Science Fair Project Encyclopedia
Colorburst is a signal used to keep the chrominance subcarrier synchronized in a color television signal. By synchronizing an oscillator with the colorburst at the beginning of each scan line, a television receiver is able to restore the suppressed carrier of the chrominance signals, and in turn decode the color information.
In NTSC, its frequency is 39375/11 kHz or 3579545 Hz, whereas PAL uses a frequency of 4.19 MHz. SECAM is unique in not having a colorburst signal, since the chrominance signals are encoded using FM rather than QAM, making synchronization irrelevant.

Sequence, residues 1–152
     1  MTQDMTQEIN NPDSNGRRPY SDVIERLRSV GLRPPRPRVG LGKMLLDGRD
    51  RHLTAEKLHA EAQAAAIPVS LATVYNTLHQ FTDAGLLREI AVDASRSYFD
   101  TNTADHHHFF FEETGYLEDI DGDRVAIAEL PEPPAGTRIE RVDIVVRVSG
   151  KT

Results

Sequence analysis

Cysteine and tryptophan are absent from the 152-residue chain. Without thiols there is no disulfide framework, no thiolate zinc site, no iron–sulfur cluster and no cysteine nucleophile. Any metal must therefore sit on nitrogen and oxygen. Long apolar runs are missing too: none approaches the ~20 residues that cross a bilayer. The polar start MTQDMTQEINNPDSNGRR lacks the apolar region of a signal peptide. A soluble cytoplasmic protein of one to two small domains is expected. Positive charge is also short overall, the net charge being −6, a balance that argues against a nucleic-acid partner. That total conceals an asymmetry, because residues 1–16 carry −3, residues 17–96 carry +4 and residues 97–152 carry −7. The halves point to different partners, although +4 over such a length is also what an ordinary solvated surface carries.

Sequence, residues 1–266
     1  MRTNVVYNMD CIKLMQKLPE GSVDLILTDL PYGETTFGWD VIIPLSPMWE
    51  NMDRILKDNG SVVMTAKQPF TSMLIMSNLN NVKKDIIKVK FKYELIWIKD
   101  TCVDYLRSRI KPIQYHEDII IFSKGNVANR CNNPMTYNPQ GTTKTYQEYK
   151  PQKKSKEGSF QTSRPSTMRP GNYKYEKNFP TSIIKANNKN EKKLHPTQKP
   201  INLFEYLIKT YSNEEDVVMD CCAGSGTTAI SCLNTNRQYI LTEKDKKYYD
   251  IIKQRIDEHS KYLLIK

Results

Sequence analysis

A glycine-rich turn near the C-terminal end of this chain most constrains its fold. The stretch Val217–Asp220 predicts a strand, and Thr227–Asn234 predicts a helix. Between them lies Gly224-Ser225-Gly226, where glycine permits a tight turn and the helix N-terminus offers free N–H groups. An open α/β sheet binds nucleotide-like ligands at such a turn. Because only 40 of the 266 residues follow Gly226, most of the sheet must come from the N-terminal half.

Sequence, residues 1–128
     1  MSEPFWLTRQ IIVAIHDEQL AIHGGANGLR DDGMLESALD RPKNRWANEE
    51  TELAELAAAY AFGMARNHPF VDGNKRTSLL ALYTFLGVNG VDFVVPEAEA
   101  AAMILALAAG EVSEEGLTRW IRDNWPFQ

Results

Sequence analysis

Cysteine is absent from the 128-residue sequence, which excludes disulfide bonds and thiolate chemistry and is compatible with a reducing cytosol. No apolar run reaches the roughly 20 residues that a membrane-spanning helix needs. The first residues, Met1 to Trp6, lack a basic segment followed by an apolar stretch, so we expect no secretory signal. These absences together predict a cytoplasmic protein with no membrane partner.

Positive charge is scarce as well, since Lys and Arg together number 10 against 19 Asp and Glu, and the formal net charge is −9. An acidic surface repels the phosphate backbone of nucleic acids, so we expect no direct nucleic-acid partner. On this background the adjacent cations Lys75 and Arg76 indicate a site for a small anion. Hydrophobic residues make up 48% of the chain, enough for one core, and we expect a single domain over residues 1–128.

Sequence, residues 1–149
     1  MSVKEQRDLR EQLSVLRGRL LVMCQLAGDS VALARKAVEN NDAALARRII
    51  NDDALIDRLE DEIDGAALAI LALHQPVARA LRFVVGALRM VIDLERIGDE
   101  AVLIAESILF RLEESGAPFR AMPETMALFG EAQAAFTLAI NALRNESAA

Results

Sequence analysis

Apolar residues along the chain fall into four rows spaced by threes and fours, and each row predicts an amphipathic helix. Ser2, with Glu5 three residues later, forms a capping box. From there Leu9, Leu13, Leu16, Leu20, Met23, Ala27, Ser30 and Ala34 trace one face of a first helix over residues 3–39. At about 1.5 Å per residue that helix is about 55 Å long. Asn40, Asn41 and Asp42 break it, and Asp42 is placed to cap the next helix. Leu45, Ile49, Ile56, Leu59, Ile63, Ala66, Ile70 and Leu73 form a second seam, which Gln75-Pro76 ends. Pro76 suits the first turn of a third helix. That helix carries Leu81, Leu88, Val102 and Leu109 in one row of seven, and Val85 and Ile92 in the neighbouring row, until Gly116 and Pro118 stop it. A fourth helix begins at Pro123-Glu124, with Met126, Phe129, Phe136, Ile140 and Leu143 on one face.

Since the colorburst signal has a known amplitude, it is sometimes used as a reference level when compensating for amplitude variations in the overall signal.
Because color televisions are so common, so are colorburst crystals, and they are used in various other applications. For instance, the time-of-day clock in a PC often runs at four times the colorburst frequency.
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